For Prosperity Now – as well as nonprofits and communities nationwide – the Earned Income Tax Credit serves as a lifeline for tens of millions of working families seeking greater financial stability and a pathway to leaving poverty.
As April 18 – the filing deadline for Tax Day 2023 – approaches, this federal policy for low- and moderate-income earners is again gaining greater attention, as structural inequities and poverty continue to affect communities – particularly for people of color and rural residents. This year, nonprofit, policy, and community leaders are making another concerted effort to remind people who qualify to submit tax returns and apply – not everyone who qualifies is aware of the tax credit.
The EITC, as it’s known, can lead to a person – and that individual’s family – receiving a larger tax refund or a lower tax bill, says Graham O’Neill, tax policy strategist for Prosperity Now. In 2022, he adds, the average EITC refund for a recipient was about $2,043.
“The Earned Income Tax Credit is one of the nation’s largest anti-poverty programs and a powerful tool for reducing poverty and promoting financial stability for low-income working families, particularly households of color where the EITC is not just a savings boost but is often relied upon to make ends meet,” O’Neill says.
“Unfortunately, every year, 20% of the eligible people don’t file for the EITC they are owed, leaving this money on the table instead of where it’s needed most.”
O’Neill points to 2022 data that shows 31 million workers benefitted from the EITC, receiving in total about $64 billion. The average individual refund amount – about $2,043 – can equal weeks of a person’s salary depending on yearly earnings. That money helps families pay for food, housing, transportation, and medical bills, important as the U.S. continues to experience higher-than-average living costs.
In 2021, the U.S. was home to 37.9 million people – or 11.6% of the population – who were living, by official standards, in poverty, according to the Census Bureau. While federal officials reported rate drops in poverty that year for youth and the elderly, the level for people ages 18 to 64 stayed the same. Poverty disparities by race also persist when matched against a group’s overall portion of the U.S. population.
Prosperity Now, an Independent Sector member, is a Washington, D.C.-based nonprofit that works to build an economy that is just, fair, and free from structural racism. It focuses on people, families, and communities so they can build sustainable wealth and prosperity. It supports systems-oriented solutions that address the root causes of inequity and racial economic injustice.
The EITC started in 1975 to only help extremely low-income earners, O’Neill says. Since then, he adds, it’s been so successful that it has expanded, and 31 states, plus Washington, D.C. and Puerto Rico, have enacted their own version of a state earned income credit.
The Internal Revenue Service offers full official details about the EITC, including a directory for free tax filing assistance programs for those who qualify and based on ZIP codes. United Way Worldwide, another Independent Sector member, also helps people with tax filing.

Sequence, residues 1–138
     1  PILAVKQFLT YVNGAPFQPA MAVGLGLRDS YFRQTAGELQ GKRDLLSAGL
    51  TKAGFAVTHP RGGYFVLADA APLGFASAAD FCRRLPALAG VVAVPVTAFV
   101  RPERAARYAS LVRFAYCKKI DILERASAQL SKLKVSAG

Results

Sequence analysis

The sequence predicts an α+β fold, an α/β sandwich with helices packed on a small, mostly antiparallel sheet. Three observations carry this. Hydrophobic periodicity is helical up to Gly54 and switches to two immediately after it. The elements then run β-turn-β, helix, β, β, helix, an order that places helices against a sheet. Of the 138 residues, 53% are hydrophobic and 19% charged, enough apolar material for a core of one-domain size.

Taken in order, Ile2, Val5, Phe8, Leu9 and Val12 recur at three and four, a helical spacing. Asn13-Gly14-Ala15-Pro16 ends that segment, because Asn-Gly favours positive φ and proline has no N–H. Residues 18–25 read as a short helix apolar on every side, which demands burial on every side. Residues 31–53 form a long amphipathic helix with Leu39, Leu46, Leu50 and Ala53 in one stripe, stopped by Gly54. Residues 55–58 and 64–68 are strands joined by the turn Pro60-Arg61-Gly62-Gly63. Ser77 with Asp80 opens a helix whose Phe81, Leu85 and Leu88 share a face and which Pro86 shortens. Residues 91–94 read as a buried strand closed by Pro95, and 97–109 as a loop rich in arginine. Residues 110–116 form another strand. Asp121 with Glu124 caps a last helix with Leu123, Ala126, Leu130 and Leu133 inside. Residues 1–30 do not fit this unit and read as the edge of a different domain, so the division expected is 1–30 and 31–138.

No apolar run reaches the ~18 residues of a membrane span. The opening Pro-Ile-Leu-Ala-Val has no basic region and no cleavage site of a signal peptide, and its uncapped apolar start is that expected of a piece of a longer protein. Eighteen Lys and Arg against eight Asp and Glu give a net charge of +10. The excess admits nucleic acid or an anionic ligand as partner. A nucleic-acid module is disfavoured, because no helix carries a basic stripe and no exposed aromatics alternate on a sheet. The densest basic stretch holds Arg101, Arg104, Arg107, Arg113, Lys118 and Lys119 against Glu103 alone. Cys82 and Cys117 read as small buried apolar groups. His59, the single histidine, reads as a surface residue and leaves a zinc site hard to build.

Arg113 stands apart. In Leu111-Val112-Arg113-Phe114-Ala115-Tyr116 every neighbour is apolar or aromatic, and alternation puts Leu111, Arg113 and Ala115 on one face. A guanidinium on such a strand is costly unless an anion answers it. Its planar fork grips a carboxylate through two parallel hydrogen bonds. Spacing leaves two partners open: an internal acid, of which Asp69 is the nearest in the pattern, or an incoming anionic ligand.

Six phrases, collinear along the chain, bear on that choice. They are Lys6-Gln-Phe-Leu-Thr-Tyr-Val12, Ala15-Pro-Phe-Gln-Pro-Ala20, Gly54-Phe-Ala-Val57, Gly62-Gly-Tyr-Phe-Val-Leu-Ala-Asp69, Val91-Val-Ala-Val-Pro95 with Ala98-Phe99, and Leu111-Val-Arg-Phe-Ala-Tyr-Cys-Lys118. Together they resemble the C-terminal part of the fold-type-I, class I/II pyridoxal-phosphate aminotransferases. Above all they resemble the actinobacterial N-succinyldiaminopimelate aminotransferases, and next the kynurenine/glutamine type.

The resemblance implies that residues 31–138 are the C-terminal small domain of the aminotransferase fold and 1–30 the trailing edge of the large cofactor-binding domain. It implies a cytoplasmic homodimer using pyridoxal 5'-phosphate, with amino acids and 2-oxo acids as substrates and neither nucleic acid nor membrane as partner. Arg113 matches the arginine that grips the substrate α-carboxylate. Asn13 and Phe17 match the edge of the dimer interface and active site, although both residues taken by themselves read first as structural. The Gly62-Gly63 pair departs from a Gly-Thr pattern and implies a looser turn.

O’Neill, who has worked on taxpayer assistance projects for the Philadelphia city government, offers this general qualification information about the EITC:
- An individual had a job – or earned income – during a year.
- The yearly income for an individual with no children was about $16,500.
- For an individual with children, the yearly earnings were less than $60,000.
- An individual with a yearly income can claim the EITC, regardless of being single, married, and can be eligible even if the person does not have any children.
- An individual who applies for the EITC only needs a Social Security Number. U.S. citizenship is not required.
As part of its outreach efforts, Prosperity Now joined other nonprofits and community advocates on January 27 to participate in the nationwide EITC Awareness Day. That effort included driving social media awareness on the day itself as well as distributing a resource toolkit for community members, practitioners, and policymakers to easily spread the word about the EITC.
Promoting the EITC is just one part of the work supported by Prosperity Now’s Taxpayer Opportunity Network (TON), a 12,000-member coalition dedicated to creating a tax system that is just, equitable, accessible and free from structural racism.
O’Neill describes TON as a community designed to connect free tax preparation programs, advocates, coalitions and other stakeholders to resources, information, peers and training they need to effectively support vulnerable populations, whether that be through providing high-quality free tax preparation or advocating for policies that make critical tax credits like the EITC more accessible for those who need it most.
Despite what the EITC has achieved in nearly half a century, O’Neill says there is more policy and community work to be done to achieve a more equitable federal tax system for more people in the nation. That, he says, includes making expansions to the EITC and Child Tax Credit permanent so they can help more people and greater funding for the Internal Revenue Service to support this anti-poverty work.
“Prosperity Now believes our country needs a tax code that is more just, fair, and equitable and redistributes wealth to low- to moderate-income and Black and Indigenous People of Color (BIPOC) households,” he says. “Proper funding will move us closer to a tax system that works for everyone.”
Bradley Wong is director of strategic communications and public relations at Independent Sector. Learn about other Independent Sector members and becoming a member.